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IN RE: the Care and Treatment of Daryl T. SNOW (2019)

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Supreme Court of South Carolina.

IN RE: the Care and Treatment of Daryl T. SNOW, Petitioner.

Appellate Case No. 2017-001033

Decided: January 16, 2019

Appellate Defender David Alexander, of Columbia, for Petitioner. Attorney General Alan McCrory Wilson, Senior Assistant Deputy Attorney General Deborah R.J. Shupe, both of Columbia, for Respondent.

Daryl Snow appeals his commitment as a sexually violent predator under the Sexually Violent Predator Act. He argues his diagnosis of Other Specified Personality Disorder is legally insufficient to meet the constitutional and statutory requirements for commitment under the Act, and thus the trial court erred when it denied his motions for a directed verdict and judgment notwithstanding the verdict (JNOV). The court of appeals affirmed his commitment in an unpublished opinion. In re Snow, Op. No. 2017-UP-009, 2017 WL 164484 (S.C. Ct. App. filed Jan. 11, 2017). We affirm the court of appeals.

I. Facts and Procedural History

In 1996, Snow was convicted of assault with intent to commit criminal sexual conduct.1 In 2006, Snow was convicted of lewd act upon a child 2 and sentenced to fifteen years in prison. Prior to his release, the State filed a petition for civil commitment pursuant to the Sexually Violent Predator Act. S.C. Code Ann. §§ 44-48-10 to -170 (2018).

The State's expert was Marie Gehle, Psy.D., the chief psychologist at the South Carolina Department of Mental Health. At the time of trial, Dr. Gehle had conducted approximately ninety sexually violent predator commitment evaluations. Dr. Gehle evaluated Snow to determine whether he met the criteria for commitment under the Act. Her evaluation included a thorough review of his background, criminal history, and prison records. Dr. Gehle's specific diagnosis was “Other Specified Personality Disorder, current evidence of conduct disorder is insufficient.” At trial, she explained “Other Specified Personality Disorder” (OSPD) is listed as a personality disorder in the Diagnostic and Statistical Manual of Mental Disorders, commonly referred to as the DSM-5. The DSM-5 describes OSPD as follows,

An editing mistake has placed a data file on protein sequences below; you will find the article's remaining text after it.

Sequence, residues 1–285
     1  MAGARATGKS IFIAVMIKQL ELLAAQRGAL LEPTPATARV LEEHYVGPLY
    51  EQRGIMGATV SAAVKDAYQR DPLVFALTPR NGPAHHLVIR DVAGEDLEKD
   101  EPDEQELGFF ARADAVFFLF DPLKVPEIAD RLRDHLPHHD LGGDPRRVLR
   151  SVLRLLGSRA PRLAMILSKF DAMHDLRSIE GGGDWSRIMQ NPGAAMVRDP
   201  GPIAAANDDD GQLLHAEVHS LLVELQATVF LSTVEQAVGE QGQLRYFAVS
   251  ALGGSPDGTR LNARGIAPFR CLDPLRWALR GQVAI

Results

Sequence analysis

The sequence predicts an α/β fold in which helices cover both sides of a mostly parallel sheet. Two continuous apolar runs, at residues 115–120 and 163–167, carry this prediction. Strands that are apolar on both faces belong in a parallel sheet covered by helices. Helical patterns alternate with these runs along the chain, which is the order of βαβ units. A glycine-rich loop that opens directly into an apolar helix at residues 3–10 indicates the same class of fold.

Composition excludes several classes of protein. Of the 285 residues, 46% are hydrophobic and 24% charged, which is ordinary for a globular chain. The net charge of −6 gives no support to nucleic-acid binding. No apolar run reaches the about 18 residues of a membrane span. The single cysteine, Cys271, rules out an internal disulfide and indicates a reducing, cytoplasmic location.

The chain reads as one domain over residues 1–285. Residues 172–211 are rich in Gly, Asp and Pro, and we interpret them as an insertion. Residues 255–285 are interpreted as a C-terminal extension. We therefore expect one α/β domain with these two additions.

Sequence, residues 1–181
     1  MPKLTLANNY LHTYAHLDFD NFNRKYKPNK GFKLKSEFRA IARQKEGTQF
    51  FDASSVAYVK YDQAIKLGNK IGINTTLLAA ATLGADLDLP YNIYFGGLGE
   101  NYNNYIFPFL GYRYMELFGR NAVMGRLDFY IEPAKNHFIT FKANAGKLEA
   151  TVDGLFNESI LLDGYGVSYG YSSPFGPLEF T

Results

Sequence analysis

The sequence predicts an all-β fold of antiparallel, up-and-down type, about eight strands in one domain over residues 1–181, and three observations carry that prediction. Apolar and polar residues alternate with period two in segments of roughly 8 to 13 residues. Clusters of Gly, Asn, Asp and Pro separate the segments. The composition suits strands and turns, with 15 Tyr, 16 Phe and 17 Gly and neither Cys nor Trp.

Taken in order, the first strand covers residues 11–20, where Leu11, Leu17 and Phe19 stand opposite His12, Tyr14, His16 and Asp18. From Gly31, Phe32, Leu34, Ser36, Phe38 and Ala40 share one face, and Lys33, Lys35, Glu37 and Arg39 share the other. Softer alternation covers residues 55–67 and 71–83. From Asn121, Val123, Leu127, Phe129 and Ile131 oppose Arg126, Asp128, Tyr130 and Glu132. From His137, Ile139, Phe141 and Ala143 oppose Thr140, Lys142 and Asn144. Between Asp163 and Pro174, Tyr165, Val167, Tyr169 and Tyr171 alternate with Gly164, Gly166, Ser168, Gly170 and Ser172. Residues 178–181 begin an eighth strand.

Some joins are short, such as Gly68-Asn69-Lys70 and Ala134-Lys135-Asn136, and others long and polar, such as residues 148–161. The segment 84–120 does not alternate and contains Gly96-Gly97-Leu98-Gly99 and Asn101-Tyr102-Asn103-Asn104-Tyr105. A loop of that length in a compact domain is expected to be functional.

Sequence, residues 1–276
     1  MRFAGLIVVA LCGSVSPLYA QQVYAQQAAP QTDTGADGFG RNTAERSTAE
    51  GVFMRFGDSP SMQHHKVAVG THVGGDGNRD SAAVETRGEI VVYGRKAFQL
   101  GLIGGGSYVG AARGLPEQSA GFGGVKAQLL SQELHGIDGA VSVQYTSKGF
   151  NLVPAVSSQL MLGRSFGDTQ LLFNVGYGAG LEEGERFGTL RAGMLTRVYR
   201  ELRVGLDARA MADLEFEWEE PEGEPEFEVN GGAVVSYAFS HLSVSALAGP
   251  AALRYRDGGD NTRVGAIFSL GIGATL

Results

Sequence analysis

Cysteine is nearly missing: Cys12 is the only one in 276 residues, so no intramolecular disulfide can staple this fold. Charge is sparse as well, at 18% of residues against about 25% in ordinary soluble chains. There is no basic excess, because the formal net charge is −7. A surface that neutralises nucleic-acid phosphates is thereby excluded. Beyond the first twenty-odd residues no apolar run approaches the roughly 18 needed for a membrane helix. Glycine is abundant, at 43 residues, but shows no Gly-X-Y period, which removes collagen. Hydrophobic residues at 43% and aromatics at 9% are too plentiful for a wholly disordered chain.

This category applies to presentations in which symptoms characteristic of a personality disorder that cause clinically significant distress or impairment in social, occupational, or other important areas of functioning predominate but do not meet the full criteria for any of the disorders in the personality disorders diagnostic class. The other specified personality disorder category is used in situations in which the clinician chooses to communicate the specific reason that the presentation does not meet the criteria for any specific personality disorder. This is done by recording “other specified personality disorder” followed by the specific reason (e.g., “mixed personality features”).

American Psychiatric Association, Diagnostic and Statistical Manual of Mental Disorders 684 (5th ed. 2013).

Snow made a motion for a directed verdict, which he renewed at the conclusion of all evidence. The jury found Snow was a sexually violent predator as defined by the Act. The trial court denied Snow's motion for JNOV. After the court of appeals affirmed, we granted Snow's petition for a writ of certiorari.

II. Issue Preservation

The State contends part of Snow's argument—the OSPD diagnosis is legally insufficient to satisfy the “mental abnormality or personality disorder” element required for civil commitment under the Act—is not preserved for appellate review. The State contends the only issue Snow argued to the trial court is the sufficiency of the State's proof.

We have previously stated the Act “contains a two-pronged test to determine whether a person is a sexually violent predator.” In re Chandler, 382 S.C. 250, 256, 676 S.E.2d 676, 679 (2009). The “two-pronged” description comes from the Act, which defines sexually violent predator in two parts,

“Sexually violent predator” means a person who:

(a) has been convicted of a sexually violent offense; and

(b) suffers from a mental abnormality or personality disorder that makes the person likely to engage in acts of sexual violence if not confined in a secure facility for long-term control, care, and treatment.